This LA-Based Startup Aims to Permanently Treat Devastating Diseases Like Parkinson’s

Keerthi Vedantam

Keerthi Vedantam is a bioscience reporter at dot.LA. She cut her teeth covering everything from cloud computing to 5G in San Francisco and Seattle. Before she covered tech, Keerthi reported on tribal lands and congressional policy in Washington, D.C. Connect with her on Twitter, Clubhouse (@keerthivedantam) or Signal at 408-470-0776.

This LA-Based Startup Aims to Permanently Treat Devastating Diseases Like Parkinson’s

A Thousand Oaks startup that is creating gene therapies aimed at permanently treating devastating diseases like Alzheimer's announced Thursday it received $140 million in capital.

Capsida Biotherapeutics is joining the gene therapy craze with small encapsulated viruses known as adeno-associated viruses, which can target specific cells in the body to treat diseases. The method is similar to the one used by pharma companies that create coronavirus vaccines.


Westlake Village BioPartners and Versant Ventures backed the Series A round with $50 million. Another $90 million came from pharma company AbbVie through a partnership.

Gene therapies aren't new — as a matter of fact, gene therapies have been heralded as a safer, more long-term solution to many diseases. Their approach is often try to replace or get rid of mutated genes that are causing harm to the body, or add genes to help the body fight diseases like Parkinson's or Huntington's.

"Unlike a pill that you take your once, twice a day, it's one treatment and you're done," said Robert Pacifici, chief scientific officer at a nonprofit Huntington's research organization called CHDI Foundation.

Several recent gene therapies have yet to break through. The FDA recently rejected the approval of BioMarin's gene therapy for hemophilia bleeding.

Others, like BlueBird Bio (which billed a promising sickle-cell gene therapy) and Ultragenyx (which was testing a gene therapy cure for Angelman syndrome) suspended clinical trials after patients had adverse effects.

There are often two problems to using gene therapy — targeted therapies don't always get to their destination, and, in large doses, often lead to negative effects, but in small doses, don't produce the desired results. It's a delicate balancing act for drug developers who need to be able to prove their therapy works without harming the body.

Robert Cuddihy, CEO of Capsida

Capsida Biotherapeutics CEO Robert Cuddihy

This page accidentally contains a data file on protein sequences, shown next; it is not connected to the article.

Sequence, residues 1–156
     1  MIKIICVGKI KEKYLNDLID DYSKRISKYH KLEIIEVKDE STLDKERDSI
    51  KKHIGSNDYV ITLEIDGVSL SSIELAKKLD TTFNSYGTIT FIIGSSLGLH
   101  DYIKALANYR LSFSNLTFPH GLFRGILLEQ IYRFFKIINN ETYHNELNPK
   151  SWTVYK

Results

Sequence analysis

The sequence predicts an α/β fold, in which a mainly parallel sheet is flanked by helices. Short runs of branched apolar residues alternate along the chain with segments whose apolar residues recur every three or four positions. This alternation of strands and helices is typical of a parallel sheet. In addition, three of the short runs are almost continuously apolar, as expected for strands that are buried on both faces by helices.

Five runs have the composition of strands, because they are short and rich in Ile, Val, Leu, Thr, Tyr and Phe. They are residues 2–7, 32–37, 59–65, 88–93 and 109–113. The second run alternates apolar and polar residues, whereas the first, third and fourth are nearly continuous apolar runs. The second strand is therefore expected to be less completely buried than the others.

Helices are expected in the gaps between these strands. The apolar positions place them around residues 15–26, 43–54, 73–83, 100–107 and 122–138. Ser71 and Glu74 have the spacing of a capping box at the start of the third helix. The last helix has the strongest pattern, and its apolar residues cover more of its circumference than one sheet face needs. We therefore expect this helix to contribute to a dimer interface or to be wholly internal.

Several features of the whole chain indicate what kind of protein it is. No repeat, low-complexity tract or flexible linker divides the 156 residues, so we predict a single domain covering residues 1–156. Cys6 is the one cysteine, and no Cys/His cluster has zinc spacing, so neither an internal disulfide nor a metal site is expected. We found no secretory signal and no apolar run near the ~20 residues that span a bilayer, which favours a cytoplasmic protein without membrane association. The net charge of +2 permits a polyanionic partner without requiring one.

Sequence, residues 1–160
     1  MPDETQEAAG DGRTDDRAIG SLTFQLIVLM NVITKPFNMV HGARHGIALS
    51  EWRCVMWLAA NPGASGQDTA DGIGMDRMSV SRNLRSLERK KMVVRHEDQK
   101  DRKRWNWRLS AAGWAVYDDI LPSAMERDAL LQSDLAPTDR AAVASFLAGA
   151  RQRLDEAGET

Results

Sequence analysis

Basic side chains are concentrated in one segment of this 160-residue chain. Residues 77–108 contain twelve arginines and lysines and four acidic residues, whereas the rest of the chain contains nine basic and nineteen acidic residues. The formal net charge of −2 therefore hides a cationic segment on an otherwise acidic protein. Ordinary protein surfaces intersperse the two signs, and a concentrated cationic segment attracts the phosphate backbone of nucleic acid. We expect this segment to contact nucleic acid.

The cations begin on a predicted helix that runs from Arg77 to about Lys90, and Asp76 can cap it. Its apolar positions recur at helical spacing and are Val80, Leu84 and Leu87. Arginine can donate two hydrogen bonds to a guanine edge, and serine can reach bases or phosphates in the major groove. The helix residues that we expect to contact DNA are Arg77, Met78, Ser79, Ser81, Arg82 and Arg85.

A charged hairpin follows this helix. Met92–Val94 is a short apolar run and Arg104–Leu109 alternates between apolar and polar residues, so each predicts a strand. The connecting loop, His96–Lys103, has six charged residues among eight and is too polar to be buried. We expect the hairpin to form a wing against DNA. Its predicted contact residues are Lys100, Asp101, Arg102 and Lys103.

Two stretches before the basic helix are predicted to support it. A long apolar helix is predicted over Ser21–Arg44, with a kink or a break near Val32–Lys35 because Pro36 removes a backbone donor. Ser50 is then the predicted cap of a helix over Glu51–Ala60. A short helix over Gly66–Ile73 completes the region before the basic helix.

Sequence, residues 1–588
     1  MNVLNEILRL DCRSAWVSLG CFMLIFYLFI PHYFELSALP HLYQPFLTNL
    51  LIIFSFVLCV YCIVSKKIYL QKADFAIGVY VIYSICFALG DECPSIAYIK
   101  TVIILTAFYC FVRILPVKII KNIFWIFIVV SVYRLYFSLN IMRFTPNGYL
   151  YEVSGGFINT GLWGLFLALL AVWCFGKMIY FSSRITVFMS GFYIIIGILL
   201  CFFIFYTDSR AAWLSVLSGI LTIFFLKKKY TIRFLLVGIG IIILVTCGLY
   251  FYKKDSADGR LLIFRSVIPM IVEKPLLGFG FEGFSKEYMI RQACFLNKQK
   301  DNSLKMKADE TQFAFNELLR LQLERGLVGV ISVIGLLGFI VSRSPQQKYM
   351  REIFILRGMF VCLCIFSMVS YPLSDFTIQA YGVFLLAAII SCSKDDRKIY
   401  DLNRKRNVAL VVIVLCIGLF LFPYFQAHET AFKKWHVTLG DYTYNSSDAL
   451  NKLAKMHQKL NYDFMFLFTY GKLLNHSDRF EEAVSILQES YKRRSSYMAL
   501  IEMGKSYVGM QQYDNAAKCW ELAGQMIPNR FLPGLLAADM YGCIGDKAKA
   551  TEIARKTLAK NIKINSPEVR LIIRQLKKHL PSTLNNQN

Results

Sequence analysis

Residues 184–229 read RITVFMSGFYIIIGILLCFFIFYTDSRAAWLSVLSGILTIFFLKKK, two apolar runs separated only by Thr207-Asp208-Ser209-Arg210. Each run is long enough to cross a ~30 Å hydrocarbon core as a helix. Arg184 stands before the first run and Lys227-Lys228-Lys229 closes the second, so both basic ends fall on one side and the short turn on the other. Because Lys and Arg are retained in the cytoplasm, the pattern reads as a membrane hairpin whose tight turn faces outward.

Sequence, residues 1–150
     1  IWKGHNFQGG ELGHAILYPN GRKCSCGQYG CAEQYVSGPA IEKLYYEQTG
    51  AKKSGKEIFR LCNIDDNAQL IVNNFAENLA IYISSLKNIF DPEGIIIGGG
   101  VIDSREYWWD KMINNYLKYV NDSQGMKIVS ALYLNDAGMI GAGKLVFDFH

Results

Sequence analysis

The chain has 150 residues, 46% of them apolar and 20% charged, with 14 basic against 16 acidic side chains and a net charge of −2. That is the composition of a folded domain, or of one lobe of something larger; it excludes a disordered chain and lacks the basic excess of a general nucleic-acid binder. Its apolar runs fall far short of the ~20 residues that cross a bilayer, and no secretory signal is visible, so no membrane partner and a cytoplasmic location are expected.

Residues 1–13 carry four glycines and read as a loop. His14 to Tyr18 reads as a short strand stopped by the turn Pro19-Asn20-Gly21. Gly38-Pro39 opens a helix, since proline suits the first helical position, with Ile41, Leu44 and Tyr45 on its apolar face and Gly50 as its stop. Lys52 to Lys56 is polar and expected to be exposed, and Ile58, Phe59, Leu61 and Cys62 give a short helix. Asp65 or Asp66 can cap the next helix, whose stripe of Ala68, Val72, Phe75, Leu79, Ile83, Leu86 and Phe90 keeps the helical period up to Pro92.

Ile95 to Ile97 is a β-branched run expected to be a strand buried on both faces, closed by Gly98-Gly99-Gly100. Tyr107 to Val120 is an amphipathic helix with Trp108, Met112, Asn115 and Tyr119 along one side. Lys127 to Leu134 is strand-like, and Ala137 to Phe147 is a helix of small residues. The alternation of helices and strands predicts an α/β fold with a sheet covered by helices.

(Courtesy of Capsida Biotherapeutics)

"There's a whole swath of areas that really haven't been amenable to any treatments," said Capsida CEO Robert Cuddihy. "I've always had an interest in the gene therapies and been following it for more than a decade, but it really wasn't ready for prime time."

Capsida uses — as its name would suggest — capsids, the outer coating of a viral particle that gets injected into the body. The capsid increases the particle's ability to hone in on a specific organ or cell, making targeting easier.

"The same amount of virus can actually do a whole lot more because it's much better getting into the cell," Cuddihy said. "It's much more effective. That then lets you decrease the dose," which lowers the risk profile of the virus.

The technology behind Capsida came from Caltech neuroscientists Viviana Gradinaru, who took existing capsids that could only transfer around 5% to 10% of the genetic material to the body and upped it to 70%, improving efficacy. She also engineered capsids to de-target the liver (which sucks in many gene therapies), making it easier for the body to send the capsid to the necessary cell.

Inside the capsid, where specific genes or therapies are located, the company will use AI and machine learning to help guide the development of gene therapies through the body and find its precise targets.

Capsida's partnership with AbbVie net the company $80 million in cash and $10 million in equity, with the potential of $530 million, as both companies make steps in targeting three specific diseases that deal with the central nervous system.

The technology could prove to be immensely useful for rare diseases like Huntington's, or prevalent, devastating diseases like Alzheimer's (though the company declined to mention which three diseases it would be targeting).

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